• Chick magnet, it’s not:  Note to the heterosexual males out there – the babes will appreciate those six pack abs and wide shoulders, but preserve some of the mystery.  She doesn’t need or want to know about drop sets and how much you spend monthly on creatine.  And for my powerlifting boys out there, women could care less about your righteous PRs, you lard asses.  Dudes will care, perhaps, but women…nope.  Sad, but true.  So if you think blathering on about your training will make the fillies come a-running, guess again.

Why is this so popular? Rant o’ the day

Today I’m going to bend one of the golden rules of this blog  The gym should be a judgement free zone,  not in the infantile, disempowering “here, have a donut” Planet Fitness sense, but rather a positive place where you do challenging things.  Mirin’ is encouraged, but haughty disdain of one’s fellow gym-goer is the penultimate gym foul.  Rest assured, though, that this rant is not about hatin’ on the playa,  it’s about hatin’ on the game.

To whit, my friends, we need to talk about this “bench-pressing with the feet-up” trend.  Don’t get me wrong, I know it’s a valid accessory exercise and/or a good variation for people with lower back issues.  However, I am completely mystified that a good 80 percent of the guys (it’s always men) I see bench-pressing in Globo gyms do the “feet up” thing.  WTF, y’all?  Was there a memo that I didn’t get?  On any given evening in the Globo gym I’m surrounded by legs in the air gym Bros benching away with the smug air of insider traders.  It’s not being used as accessory exercise, we’re talking feet never touching ground, ever.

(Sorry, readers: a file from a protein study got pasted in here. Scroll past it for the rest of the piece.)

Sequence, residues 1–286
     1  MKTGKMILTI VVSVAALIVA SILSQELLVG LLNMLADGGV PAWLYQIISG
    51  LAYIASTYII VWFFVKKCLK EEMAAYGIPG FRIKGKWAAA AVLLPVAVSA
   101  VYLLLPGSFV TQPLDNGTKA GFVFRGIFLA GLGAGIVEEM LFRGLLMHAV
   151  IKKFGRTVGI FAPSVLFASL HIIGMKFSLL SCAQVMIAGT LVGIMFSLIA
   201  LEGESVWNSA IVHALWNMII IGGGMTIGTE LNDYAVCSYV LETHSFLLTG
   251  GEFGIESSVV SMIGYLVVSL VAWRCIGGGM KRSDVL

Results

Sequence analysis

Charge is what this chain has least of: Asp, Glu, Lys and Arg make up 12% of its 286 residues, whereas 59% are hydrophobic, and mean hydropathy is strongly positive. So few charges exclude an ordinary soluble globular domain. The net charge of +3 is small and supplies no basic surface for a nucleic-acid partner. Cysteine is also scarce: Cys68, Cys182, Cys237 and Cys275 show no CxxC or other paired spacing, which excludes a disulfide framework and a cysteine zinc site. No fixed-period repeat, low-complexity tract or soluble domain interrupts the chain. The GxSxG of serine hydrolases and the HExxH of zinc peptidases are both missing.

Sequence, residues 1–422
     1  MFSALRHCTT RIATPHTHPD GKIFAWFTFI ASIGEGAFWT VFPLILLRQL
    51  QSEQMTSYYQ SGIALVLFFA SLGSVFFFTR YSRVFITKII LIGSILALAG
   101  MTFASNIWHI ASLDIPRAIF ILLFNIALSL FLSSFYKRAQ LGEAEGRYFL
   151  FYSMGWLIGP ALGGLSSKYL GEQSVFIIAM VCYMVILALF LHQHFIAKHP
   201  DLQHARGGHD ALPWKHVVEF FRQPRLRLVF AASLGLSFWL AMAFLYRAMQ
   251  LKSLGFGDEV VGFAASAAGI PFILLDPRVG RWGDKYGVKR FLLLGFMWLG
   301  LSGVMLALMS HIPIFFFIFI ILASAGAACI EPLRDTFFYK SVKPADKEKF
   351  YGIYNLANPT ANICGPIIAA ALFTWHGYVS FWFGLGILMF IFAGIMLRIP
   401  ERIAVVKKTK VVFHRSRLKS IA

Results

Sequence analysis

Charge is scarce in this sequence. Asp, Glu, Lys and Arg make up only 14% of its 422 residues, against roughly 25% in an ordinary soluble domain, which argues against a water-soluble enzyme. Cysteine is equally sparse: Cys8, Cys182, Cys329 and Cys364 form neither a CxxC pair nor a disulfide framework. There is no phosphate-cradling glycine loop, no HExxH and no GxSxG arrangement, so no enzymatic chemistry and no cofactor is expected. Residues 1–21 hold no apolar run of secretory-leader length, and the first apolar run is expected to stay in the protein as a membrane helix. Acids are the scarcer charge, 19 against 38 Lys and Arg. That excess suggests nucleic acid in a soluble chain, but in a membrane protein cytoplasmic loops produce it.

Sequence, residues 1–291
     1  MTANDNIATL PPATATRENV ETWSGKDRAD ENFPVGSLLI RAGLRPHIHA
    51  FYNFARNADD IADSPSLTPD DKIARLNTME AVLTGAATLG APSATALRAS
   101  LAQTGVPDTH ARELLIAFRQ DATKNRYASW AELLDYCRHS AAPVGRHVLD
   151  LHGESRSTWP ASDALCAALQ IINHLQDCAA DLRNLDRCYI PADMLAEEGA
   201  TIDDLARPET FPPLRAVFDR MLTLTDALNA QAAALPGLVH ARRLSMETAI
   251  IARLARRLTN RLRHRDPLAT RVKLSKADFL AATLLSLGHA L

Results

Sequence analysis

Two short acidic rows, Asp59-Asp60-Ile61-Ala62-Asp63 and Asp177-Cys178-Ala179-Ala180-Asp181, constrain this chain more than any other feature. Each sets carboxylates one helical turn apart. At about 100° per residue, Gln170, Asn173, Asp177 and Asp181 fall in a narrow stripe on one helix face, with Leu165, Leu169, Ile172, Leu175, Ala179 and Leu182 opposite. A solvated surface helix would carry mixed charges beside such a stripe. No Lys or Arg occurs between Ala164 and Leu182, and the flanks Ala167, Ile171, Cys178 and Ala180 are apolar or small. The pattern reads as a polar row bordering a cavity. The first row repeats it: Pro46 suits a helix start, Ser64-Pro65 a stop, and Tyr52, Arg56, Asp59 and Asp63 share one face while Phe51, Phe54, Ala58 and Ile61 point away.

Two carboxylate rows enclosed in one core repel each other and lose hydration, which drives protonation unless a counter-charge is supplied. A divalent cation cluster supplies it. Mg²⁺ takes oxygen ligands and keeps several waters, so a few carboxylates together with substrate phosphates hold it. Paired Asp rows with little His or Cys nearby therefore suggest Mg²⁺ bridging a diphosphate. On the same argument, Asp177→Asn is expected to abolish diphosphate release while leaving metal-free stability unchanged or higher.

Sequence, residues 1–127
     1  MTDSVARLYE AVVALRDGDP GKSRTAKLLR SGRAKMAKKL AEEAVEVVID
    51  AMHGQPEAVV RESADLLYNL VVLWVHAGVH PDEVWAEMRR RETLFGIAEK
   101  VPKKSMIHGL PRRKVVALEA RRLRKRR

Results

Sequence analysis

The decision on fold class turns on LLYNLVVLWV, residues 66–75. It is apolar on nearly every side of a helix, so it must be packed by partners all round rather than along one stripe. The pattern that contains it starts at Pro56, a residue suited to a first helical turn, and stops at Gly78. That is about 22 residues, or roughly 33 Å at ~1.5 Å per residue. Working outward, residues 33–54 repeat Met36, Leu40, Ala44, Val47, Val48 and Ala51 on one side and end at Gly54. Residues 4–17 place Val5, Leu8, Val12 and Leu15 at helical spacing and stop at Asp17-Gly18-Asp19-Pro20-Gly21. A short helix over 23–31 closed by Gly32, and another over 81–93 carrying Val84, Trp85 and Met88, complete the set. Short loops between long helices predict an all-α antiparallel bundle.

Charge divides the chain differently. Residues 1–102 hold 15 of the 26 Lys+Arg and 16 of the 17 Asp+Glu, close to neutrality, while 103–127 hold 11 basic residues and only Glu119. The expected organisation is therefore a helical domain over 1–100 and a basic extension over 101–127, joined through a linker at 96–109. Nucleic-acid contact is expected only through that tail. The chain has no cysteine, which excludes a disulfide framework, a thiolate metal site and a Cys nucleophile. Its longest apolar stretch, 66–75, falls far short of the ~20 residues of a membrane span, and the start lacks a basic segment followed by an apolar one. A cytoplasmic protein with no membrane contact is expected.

“Feet in the air” benching is a good accessory exercise precisely because it’s less stable and takes leg drive completely out of the equation.  One can therefore only use sub-maximal weights  but it provides a good chest/triceps workout and underlines the importance of a tight back/retracted scapulae.  Actually, it’s pretty gangster if you see somebody bench serious weight with “feet in the air” because it puts the athlete at a disadvantage.  But you never see that in the Globo gym because people aren’t getting that much stronger, really.  The only way to get a lot stronger is to lift some heavy-a@# weight, and the only way to do that is with the normal bench press.

I get it, I get it.  Most of the guys bench like this simply because when they walk into the gym and they see 4 gym bros benching away like dead cockroaches and 1 apparently clueless dude benching with feet firmly planted.  If you don’t know any better, your best bet is to do what everyone else is doing.  Going to the gym and using the equipment is important, but so is having sufficient knowledge about things like technique and programming.  The Globo gym business model isn’t about education or quality coaching.  It’s all about novelty and catching the next trend.  Even if one were to hire one of their overpriced personal trainers, he or she is more likely to have their client doing bosu ball kettle-bells swings than teaching them proper compound lift form.